03 Jun 2014
HTTP Cache [第14天]
The nature of rich web applications means that they’re dynamic. No matter how efficient your application, each request will always contain more overhead than serving a static file.
And for most Web applications, that’s fine. Symfony2 is lightning fast, and unless you’re doing some serious heavy-lifting, each request will come back quickly without putting too much stress on your server.
But as your site grows, that overhead can become a problem. The processing that’s normally performed on every request should be done only once. This is exactly what caching aims to accomplish.
Caching on the Shoulders of Giants¶
The most effective way to improve performance of an application is to cache the full output of a page and then bypass the application entirely on each subsequent request. Of course, this isn’t always possible for highly dynamic websites, or is it? In this chapter, you’ll see how the Symfony2 cache system works and why this is the best possible approach.
The Symfony2 cache system is different because it relies on the simplicity and power of the HTTP cache as defined in the HTTP specification. Instead of reinventing a caching methodology, Symfony2 embraces the standard that defines basic communication on the Web. Once you understand the fundamental HTTP validation and expiration caching models, you’ll be ready to master the Symfony2 cache system.
For the purposes of learning how to cache with Symfony2, the subject is covered in four steps:
1.A gateway cache, or reverse proxy, is an independent layer that sits in front of your application. The reverse proxy caches responses as they’re returned from your application and answers requests with cached responses before they hit your application. Symfony2 provides its own reverse proxy, but any reverse proxy can be used.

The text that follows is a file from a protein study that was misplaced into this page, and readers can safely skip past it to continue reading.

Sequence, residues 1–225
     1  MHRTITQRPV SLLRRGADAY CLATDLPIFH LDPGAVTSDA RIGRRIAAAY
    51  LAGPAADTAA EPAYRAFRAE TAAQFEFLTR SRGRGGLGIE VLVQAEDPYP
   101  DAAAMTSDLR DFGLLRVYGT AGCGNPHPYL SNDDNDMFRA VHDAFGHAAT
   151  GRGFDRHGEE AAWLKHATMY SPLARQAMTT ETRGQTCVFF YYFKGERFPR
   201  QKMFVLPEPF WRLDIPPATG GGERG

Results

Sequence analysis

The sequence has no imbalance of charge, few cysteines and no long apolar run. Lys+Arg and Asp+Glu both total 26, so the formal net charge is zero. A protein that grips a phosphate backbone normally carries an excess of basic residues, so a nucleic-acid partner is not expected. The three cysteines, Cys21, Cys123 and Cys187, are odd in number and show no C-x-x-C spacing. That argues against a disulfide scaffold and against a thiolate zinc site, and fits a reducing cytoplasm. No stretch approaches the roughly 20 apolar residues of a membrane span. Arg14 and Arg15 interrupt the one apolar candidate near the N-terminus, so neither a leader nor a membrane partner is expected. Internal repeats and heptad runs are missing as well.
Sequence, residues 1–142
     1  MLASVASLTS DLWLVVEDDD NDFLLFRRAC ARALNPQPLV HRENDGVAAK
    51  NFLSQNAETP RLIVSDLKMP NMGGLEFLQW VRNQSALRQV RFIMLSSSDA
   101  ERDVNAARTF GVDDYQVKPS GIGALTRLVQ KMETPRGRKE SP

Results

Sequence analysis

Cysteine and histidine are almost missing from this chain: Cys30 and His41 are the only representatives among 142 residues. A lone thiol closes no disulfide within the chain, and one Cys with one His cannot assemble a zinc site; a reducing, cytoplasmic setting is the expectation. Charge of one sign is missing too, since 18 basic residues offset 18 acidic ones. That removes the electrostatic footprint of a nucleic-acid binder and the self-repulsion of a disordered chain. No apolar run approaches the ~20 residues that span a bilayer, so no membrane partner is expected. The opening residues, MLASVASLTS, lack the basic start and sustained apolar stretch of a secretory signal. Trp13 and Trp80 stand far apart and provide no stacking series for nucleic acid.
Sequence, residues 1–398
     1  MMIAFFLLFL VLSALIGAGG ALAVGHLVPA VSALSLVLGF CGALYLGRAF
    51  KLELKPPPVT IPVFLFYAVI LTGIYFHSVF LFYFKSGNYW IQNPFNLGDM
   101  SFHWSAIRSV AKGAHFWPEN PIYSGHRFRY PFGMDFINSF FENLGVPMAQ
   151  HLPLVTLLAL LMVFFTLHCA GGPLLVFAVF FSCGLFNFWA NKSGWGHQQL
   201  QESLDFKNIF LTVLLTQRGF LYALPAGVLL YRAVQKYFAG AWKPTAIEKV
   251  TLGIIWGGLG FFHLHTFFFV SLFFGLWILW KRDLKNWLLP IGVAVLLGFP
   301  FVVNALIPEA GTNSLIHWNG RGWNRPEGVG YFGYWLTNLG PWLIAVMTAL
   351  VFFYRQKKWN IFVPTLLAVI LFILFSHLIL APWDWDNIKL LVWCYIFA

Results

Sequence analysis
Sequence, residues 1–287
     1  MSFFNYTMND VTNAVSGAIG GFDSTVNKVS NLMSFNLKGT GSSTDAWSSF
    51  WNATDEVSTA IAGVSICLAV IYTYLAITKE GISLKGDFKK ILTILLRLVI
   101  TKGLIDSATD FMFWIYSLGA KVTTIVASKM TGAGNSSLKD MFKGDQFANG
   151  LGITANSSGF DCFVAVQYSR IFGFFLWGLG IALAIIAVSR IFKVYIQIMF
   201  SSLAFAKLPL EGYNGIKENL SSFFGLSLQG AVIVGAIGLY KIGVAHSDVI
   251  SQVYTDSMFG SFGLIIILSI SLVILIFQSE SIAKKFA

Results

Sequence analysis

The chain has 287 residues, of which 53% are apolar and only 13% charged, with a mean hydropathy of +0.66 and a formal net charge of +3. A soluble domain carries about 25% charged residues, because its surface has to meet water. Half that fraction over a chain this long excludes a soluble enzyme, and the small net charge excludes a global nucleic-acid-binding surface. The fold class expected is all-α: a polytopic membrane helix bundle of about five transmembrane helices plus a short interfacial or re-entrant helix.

2.HTTP cache headers are used to communicate with the gateway cache and any other caches between your application and the client. Symfony2 provides sensible defaults and a powerful interface for interacting with the cache headers.
3.HTTP expiration and validation are the two models used for determining whether cached content is fresh (can be reused from the cache) or stale (should be regenerated by the application).
4.Edge Side Includes (ESI) allow HTTP cache to be used to cache page fragments (even nested fragments) independently. With ESI, you can even cache an entire page for 60 minutes, but an embedded sidebar for only 5 minutes.
Since caching with HTTP isn’t unique to Symfony, many articles already exist on the topic. If you’re new to HTTP caching, Ryan Tomayko’s article Things Caches Do is highly recommended . Another in-depth resource is Mark Nottingham’s Cache Tutorial.
Caching with a Gateway Cache¶
When caching with HTTP, the cache is separated from your application entirely and sits between your application and the client making the request.